In the final week of May, we spotted reigning Tour de France champion, Tadej Pogacar, riding an unidentified road bike during a training ride in the mountains. As we suspected, the Slovenian’s bike turns out to be a brand new Colnago called - for now anyway - the Prototipo.
Pogacar has, for his short yet incredibly successful Tour de France career, been riding Colnago’s V3Rs road bike almost exclusively. Yes, he has switched from rim brakes to disc and back again, but this is the first time that he’s had a brand new road bike to play with.
The Prototipo - that’s Italian for ‘prototype’ if you hadn’t guessed - comes with some easy to spot aero tube shapes, fully internal cable routing, A slightly sunken bottle cage mount area on the down tube and a slimmed-down head tube.
CermicSpeed's SLT bearings sit in the headset while the seatpost looks to be a D-shaped design that will likely be specific to the frame. While we've looked hard, we can't see whether Colnago has moved to a threaded bottom bracket or stuck with a press-fit system.
Colnago says that this bike, whatever it actually ends up being called, will need to be “as versatile as possible, suited to the needs of sprinters, rouleurs and climbers alike, and to be at the top in the different phases of a race.”
That sounds rather like Colnago is moving towards a one-bike model for road racing where it used to have the lightweight V3Rs along with the aero Concept. That wouldn’t be an unusual move in today’s market. Specialized famously killed off the Venge and made the Tarmac more aero with the launch of the SL7 and other brands have done the same.
Colnago says that from a design point of view, the key points in the development of the Colnago Prototipo are the thin and hollowed head tube with “deep and marked veins”, in addition to the “larger and more robust bottom-bracket area.”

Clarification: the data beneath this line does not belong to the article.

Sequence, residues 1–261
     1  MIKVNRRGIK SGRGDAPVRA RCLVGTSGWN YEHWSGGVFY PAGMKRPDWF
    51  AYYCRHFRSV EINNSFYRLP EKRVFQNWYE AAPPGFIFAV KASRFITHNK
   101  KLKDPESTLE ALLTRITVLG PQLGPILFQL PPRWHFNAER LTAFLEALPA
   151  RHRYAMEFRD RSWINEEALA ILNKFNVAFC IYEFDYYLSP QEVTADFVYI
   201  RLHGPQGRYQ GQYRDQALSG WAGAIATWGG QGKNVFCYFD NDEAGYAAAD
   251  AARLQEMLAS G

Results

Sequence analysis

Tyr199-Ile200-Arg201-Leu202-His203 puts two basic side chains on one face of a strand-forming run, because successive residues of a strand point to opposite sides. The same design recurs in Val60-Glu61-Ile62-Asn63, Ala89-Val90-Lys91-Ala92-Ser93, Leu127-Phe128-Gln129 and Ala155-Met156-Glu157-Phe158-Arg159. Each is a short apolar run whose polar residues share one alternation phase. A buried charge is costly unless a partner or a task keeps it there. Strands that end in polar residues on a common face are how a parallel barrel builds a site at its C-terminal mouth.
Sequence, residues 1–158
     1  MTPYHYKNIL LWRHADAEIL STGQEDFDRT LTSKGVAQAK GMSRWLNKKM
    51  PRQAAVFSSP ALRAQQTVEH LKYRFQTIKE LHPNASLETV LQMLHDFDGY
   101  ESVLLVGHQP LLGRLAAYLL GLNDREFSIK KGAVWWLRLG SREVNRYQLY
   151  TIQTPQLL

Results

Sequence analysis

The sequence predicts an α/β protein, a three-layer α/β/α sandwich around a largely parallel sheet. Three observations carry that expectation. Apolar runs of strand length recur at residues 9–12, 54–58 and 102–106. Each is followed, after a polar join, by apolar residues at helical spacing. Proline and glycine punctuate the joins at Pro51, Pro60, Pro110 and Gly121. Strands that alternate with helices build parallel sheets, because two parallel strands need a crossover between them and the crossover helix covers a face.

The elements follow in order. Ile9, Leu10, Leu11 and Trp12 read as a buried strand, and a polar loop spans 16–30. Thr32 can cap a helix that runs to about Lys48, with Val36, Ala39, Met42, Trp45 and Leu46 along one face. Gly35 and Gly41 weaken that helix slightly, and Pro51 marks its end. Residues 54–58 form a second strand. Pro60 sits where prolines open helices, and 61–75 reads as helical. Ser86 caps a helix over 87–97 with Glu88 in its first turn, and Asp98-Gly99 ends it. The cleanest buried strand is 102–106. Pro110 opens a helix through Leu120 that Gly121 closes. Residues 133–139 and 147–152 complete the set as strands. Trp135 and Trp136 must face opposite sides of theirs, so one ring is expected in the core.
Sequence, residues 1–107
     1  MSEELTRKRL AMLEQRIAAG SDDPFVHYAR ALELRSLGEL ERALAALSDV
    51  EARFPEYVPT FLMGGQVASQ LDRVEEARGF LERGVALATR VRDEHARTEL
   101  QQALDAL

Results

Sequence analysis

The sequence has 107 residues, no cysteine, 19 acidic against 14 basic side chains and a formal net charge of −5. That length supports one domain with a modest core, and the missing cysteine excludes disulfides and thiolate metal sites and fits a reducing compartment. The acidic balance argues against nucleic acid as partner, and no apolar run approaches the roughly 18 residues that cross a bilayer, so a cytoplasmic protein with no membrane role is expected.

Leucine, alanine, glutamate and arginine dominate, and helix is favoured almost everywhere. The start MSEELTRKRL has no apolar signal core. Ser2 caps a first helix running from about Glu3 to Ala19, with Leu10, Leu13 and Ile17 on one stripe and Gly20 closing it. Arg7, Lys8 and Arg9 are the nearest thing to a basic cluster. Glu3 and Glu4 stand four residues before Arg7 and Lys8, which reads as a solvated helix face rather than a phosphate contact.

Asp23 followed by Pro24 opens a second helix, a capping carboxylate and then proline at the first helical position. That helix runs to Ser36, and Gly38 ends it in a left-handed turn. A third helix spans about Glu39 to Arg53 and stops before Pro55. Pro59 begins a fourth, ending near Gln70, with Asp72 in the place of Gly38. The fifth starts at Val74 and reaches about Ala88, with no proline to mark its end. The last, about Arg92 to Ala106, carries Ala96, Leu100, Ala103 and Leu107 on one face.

It’ll come as no surprise, then, to learn that Colnago is claiming to have achieved “greater stiffness in the areas where stress is greatest from pedalling plus lower aerodynamic drag against the overall weight of the frame.”
Colnago also says that a different approach has been taken with the Prototipo, with different carbon layups being tested on parts of the C68. Colnago explains that this was possible as the C68 uses a lugged construction, making it easier to customise the layup on an individual tube.
The Prototipo will be a monocoque frame and Colnago says that there are five test frames, each with different stiffness characteristics, that will now be given to UAE team riders for testing in races. From these five options, Colnago says that the final version will be selected following feedback from the riders.
Davide Fumagalli, Colnago Head of R&D, explained: “While computer and wind-tunnel tests are important, they have limitations. It is difficult – if not impossible – to replicate the race-specific situations, the irregularities of the course, the stresses of the terrain, the aerodynamic turbulence, the accelerations in the different moments of the competition. At the level of development we have reached, it is becoming increasingly difficult to achieve improvements. In this way, by taking advantage of the experience of those who ride their bicycles for many hours a day, we feel we can make our racing bikes take a further and important step forward."
It is certainly an unusual step for a brand to pre-announce a bike before it has been finished. As we saw with the 2023 Trek Madone, riders and staff were under strict instructions not to talk about the new bike which seems likely to launch at the Tour de France in July.
So it could well be that Colnago is looking to take back a bit of control over the information that is in the public domain. With this pre-launch information, the Italian brand has given us just enough information to go on while undoubtedly saving some details for the big reveal.
Son of a Marathon runner, Nephew of a National 24hr Champion, the racing genetics have completely passed him by. After joining the road.cc staff in 2016 as a reviewer, Liam quickly started writing feature articles and news pieces. After a little time living in Canada, where he spent most of his time eating poutine, Liam returned with the launch of DealClincher, taking over the Editor role at the start of 2018. At the weekend, Liam can be found racing on the road both in the UK and abroad, though he prefers the muddy fields of cyclocross. To date, his biggest race win is to the front of the cafe queue.